Charging a smartphone in an electric car: here is the impact on range

The preconceived ideas about electric cars still persist in 2023. We will try to explain why using a smartphone charger or listening to the radio only reduces the range by a tiny amount on an electric vehicle.

Among the preconceived ideas about electric cars, everyone has already heard the famous belief that using the radio, charging a smartphone or even turning on the headlights would drastically reduce the range. Recently, a LinkedIn user recounted an anecdote heard at a car dealership where the salesman claimed that the range would be reduced by 100 kilometers just by charging a smartphone.

We are therefore going to debunk these false truths which are unfortunately always in the minds of certain people, by summarizing the different orders of magnitude involved. In this way, you will have plenty of time to respond factually when you hear nonsense about the loss of autonomy of an electric car.

A question of order of magnitude

The capacity of an electric car’s battery is measured in kilowatt hours (kWh), and depending on the model, the smallest batteries are around 40 kWh, while the largest exceed 120 kWh. In terms of autonomy, they also vary from 300 to more than 700 kilometers in the WLTP cycle.

Reasonably, we can estimate the consumption of high-speed electric vehicles between 15 and 25 kWh per 100 kilometers. Put another way, each kilometer traveled on the highway consumes between 150 and 250 Wh.

On a high-end smartphone, maximum charging powers can reach around 50 Watts, or 50 Wh consumed per hour of charging. It would therefore take 3 to 5 hours of continuous charging of a smartphone at full power to consume the equivalent of a single kilometer of autonomy on the highway..

We are well aware of the absurdity of the initial assertion, since not only plugging in the smartphone does not lose 100 kilometers of autonomy, but even charging it at full power for several hours, the impact will be totally negligible.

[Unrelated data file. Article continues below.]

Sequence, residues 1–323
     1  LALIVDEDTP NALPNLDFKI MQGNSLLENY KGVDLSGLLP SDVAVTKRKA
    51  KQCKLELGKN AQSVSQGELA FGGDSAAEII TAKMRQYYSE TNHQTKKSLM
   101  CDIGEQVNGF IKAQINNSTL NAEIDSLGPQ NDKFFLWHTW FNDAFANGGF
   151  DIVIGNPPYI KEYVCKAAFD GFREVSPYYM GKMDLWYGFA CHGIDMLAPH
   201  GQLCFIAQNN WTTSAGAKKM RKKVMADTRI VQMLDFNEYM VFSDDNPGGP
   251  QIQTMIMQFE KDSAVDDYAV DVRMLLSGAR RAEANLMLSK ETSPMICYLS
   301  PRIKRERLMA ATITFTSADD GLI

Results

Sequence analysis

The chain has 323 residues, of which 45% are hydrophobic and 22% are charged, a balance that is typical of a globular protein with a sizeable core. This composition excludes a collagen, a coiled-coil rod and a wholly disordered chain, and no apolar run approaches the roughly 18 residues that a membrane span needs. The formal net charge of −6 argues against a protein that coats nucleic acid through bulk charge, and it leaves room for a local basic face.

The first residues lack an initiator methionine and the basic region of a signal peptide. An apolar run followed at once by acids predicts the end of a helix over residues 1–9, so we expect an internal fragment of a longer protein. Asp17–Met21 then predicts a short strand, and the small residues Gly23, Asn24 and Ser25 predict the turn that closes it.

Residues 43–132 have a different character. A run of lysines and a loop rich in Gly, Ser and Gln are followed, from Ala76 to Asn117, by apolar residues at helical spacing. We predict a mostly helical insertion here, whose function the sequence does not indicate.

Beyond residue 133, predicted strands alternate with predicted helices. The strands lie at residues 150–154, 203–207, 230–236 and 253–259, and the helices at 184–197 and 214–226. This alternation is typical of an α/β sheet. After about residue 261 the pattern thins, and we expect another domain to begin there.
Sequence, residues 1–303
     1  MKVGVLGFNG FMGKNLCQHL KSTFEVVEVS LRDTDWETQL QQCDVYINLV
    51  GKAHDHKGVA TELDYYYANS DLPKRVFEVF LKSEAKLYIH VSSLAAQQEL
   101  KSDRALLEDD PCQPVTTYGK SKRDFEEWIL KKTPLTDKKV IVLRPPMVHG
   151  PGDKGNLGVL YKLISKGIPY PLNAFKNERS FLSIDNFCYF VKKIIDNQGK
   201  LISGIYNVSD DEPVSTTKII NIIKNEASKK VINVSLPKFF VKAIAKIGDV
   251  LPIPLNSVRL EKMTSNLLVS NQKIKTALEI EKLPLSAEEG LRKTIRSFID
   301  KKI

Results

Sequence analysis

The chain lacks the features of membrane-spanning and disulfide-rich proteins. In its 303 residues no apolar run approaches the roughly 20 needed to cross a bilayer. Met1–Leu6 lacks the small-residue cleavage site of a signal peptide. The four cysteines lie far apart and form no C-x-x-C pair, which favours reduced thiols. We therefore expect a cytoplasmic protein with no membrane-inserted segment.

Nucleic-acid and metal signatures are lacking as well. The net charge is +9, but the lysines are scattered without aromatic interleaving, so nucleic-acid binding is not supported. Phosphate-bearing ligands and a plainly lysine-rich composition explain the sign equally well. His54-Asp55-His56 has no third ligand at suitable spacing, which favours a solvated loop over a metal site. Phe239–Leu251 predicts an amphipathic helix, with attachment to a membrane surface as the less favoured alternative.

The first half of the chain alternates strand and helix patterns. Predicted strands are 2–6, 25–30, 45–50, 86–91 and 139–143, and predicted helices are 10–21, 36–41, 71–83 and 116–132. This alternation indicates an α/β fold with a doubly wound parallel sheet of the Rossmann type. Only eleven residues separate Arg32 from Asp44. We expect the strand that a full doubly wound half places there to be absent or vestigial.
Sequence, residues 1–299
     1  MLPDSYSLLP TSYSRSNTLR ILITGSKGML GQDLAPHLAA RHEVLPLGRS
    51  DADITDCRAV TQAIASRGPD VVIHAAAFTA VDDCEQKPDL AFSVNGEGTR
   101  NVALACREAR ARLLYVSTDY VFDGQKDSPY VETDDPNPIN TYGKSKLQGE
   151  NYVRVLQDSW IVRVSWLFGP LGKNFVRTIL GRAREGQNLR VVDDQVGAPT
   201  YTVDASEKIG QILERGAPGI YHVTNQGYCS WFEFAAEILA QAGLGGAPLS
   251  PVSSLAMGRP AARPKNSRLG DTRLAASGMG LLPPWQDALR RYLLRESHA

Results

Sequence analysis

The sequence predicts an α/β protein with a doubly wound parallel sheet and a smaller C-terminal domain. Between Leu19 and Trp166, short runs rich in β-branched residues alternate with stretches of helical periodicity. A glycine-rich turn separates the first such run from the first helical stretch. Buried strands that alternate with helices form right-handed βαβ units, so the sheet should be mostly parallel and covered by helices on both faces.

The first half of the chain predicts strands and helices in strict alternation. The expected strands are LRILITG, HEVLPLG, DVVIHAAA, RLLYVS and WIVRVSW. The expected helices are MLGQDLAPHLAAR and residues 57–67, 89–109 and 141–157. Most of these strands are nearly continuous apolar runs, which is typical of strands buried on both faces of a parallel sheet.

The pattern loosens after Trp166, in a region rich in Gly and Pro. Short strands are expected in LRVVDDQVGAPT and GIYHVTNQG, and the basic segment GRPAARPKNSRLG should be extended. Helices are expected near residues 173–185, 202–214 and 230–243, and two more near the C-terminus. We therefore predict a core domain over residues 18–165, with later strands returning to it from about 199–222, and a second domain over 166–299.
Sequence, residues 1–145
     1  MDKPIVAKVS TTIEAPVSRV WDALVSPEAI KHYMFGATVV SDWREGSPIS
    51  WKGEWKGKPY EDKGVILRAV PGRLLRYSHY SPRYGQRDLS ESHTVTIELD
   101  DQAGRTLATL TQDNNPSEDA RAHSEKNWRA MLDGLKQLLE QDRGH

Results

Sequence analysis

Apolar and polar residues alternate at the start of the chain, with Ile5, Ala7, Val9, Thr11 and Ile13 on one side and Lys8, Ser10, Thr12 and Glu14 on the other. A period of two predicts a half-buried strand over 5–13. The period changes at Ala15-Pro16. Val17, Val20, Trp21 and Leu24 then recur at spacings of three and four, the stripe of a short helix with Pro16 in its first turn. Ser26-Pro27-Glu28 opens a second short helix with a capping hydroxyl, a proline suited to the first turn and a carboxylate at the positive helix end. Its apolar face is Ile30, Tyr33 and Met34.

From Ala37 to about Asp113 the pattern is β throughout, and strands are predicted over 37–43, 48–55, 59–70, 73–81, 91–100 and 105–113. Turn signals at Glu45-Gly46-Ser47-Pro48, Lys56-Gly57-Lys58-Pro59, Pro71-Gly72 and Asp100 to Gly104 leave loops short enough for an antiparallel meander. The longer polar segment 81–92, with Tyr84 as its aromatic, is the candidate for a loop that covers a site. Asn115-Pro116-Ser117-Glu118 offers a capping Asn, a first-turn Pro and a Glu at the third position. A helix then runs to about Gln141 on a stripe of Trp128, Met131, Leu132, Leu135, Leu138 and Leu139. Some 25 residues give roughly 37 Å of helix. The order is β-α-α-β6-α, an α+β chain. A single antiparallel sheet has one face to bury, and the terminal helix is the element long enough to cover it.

Steps to reestablish the truth

Last spring, our colleagues atAutomotive-Clean tackled this problem to set the record straight and effectively measure the energy-consuming equipment of an electric car. The vehicle in question was a Hyundai Ioniq 6, but most of the results apply to all cars.

We learn for example that 10 minutes of defrosting the rear screen consumes 80 Wh, or that the use of two heated seats at full power for one hour consumes 240 Wh. Taking the estimated consumption on the highway of an electric car (between 150 and 250 Wh/km), all this therefore corresponds to an overconsumption of less than two kilometers of autonomy.

Put another way, you will be able to travel only 2 kilometers more if you do without heated seats for an hour of driving. The list of equipment tested includes the headlights, indicators, horn and radio, and the conclusion is always the same: no use of this equipment will significantly affect your range.

The case of heating

As you have seen above, it is not the headlights or the use of the radio that will prevent you from arriving at your destination without a hitch. However, the most energy-intensive item, by far, on an electric car has not been addressed at the moment: it is heating.

You are probably aware that electric cars do not particularly like winter, and the higher consumption is one of the reasons. In practice, consumption linked to heating by ventilation of the passenger compartment can sometimes reach 5 kW for vehicles not equipped with a heat pump.

So, in one hour of operation at full speed — which is a fairly extreme case, but not totally impossible —, a passenger compartment heater can consume around 5 kWh, the equivalent of 20 to 35 kilometers of autonomyor 10% of the battery of a car with a 50 kWh pack.

Another way of looking at things is to consider that at an average speed of 100 km/h without heating, and still with a 50 kWh battery, the range is 250 kilometers while consuming 20 kWh/100 km. Once the heating is running at full speed, consumption increases to 25 kWh/100 km, and the range is then 200 kilometers.

The loss of range linked to the use of full heating is then 50 kilometers, or 20% of the initial range. And if your smartphone was plugged in all that time, you probably wouldn’t have lost even another kilometer.

However, these figures must be qualified: it is extremely rare to activate the heating fully for several tens of minutes. Without a heat pump, the average consumption is around 1 to 2 kW at cruising speed, as our colleagues atClean Automotive on the ID. Buzz from Volkswagen.

The air conditioning

For air conditioning, consumption is much lower, with a maximum of between 1 and 2 kW, and the same applies to the heating of vehicles with a heat pump. The same exercise with an electric car equipped with a heat pump would show losses of autonomy rather located between 10 and 20 kilometers (that is to say between 4 and 8% of battery). This is why it is an option that can be relevant when it is not standard.

In any case, you will have nothing to gain by turning off the radio, unplugging your smartphone or turning off a heated seat: all this causes negligible excess consumption compared to the energy necessary to move the vehicle forward. Only stopping the ventilation system can have a real impact.

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